Preface: Last year while road trippin’ out west with a good friend, I came up with a central theme, or lesson if you will, for each park. So, five big lessons for five national parks. In an effort to avoid my all too typical lengthiness, I will separate these into five separate posts!


First, Arches holds my all-time favorite moment from my entire cross country trip. Even better than frolicking up on Trail Ridge Road. The lesson here? A little wind never killed you. Well, it might actually, but this is about going with the flow and not sweating the small stuff. The importance of perspective.

This lesson began the moment we drove into Moab, Utah. The park’s campground was full. I suppose we shouldn’t have expected anything else considering it was a Friday night at the beginning of the season.

The rangers at the visitor’s center gave us a map with tens of other campgrounds for us to try as well as huge yellow zones in the area where pulling off on the side of the road and pitching your tent was acceptable (BLM land). With over three million visitors every year, I guess they are used to this. We weren’t.


Up to that point we had been lucky and gotten away with not having to make reservations anywhere. We drove along a road and all of the more popular campgrounds near the park were already full. We tried along another road, same thing. After about an hour of driving, we found a large campground far back into the canyon along the Colorado river. Finally!


When you are hungry and tired, being unable to find a place to stop for the night could be mildly irritating right? Well that really just depends on the perspective you decide to take. The saying “don’t sweat the small stuff” actually carries a lot of weight. And really, most everything can be considered “small stuff”, or what my father would refer to as “up-town problems.”

Instead of being agitated or frustrated, I decided to just enjoy the scenery and landscape surrounding me. I was in one of the most beautiful places I have ever seen and I knew that we would find a place to camp. If not, we could just pull off and pitch the tent on the side of the road or sleep in the car. Either way we would be able to sleep that night. A mindset like this, while it took a lot of work and time to make it a habit, is one of the best things I have ever worked on and achieved for myself. Life is too awesome to sweat the small stuff.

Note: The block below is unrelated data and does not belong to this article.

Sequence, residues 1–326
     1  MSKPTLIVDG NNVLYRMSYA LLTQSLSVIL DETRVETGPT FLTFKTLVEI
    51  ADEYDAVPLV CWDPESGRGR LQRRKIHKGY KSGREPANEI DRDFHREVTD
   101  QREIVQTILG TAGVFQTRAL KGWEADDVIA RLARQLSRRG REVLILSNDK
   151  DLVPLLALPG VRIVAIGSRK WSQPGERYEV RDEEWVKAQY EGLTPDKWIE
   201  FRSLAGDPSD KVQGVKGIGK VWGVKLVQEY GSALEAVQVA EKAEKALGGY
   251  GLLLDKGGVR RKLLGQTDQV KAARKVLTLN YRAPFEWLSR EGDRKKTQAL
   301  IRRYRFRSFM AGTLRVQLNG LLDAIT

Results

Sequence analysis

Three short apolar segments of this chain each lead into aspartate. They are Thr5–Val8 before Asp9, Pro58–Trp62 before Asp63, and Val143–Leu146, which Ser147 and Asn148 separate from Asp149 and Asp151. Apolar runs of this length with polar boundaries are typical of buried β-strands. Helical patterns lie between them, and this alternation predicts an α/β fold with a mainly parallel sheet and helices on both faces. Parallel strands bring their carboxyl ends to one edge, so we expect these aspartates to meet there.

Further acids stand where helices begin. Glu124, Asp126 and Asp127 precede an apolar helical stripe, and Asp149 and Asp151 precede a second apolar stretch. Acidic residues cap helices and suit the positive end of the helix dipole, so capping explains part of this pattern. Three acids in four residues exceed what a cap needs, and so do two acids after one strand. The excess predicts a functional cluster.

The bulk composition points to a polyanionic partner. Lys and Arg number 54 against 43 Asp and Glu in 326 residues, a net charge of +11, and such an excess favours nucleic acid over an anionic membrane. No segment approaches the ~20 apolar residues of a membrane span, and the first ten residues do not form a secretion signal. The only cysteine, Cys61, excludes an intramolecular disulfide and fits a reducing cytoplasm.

Secondly, the wind. The following morning we hiked up to the iconic Delicate Arch within the park and the wind was out of control. I have never experienced gusts like that except for playing in my backyard during hurricanes back in Virginia. Still, this somehow seemed crazier.


We walked on bare rock at elevation with the sand-filled wind tearing against our legs and faces. When we got closer and closer to the arch I started hearing comments from fellow hikers saying that “the wind was crazy and it wasn’t worth seeing the arch” or that “the wind ruined the whole experience.” I couldn’t disagree more. I thought that the crazy wind elevated the entire experience. It blew us here and there and made the hike more precarious and exciting. It snatched Taylor’s brand new NPS Centennial hat and miraculously deposited it on the edge of a cliff with a 20-foot drop.


The minute the arch came into view the wind didn’t matter. I was blown away, if not almost literally, by its beauty. The wind made it exciting and because of it, we went through more effort, and sometimes pain, to see the arch.


Life isn’t only about appreciating the good moments but also the more difficult albeit irritating moments that can make an experience stand out as exceptional. It is all a part of life and if you choose the right perspective, you can appreciate and love it all.


While in Moab, both at dawn and dusk, Taylor or I would drive through the park while the other stood up through the sunroof. We listened to the Lumineers and Edward Sharpe and the Magnetic Zeroes’ “Home”. And we really felt home. When I drove across the country this summer we visited Moab and Arches again. I cried when I saw the red sandstone again. 


Hike Details: Delicate Arch 
~3.2 miles roundtrip, out-and-back style, 610 feet elevation gain, moderate to heavily trafficked, rated as moderately difficult.

Almost all of the elevation gain is at the beginning of the hike where you walk up open, slick bedrock with no shade. There is some exposure to heights during this section. Once at the top of this section, there are shaded areas beneath rock to catch your breath or escape the heat. Follow the rock cairns to stay on trail. There is some ledge walking in the last section beneath the arch and the exposure to heights at the arch is fairly high. Beat the crowds and heat by hiking Delicate Arch in the spring or fall, or arrive at the trailhead early in the morning.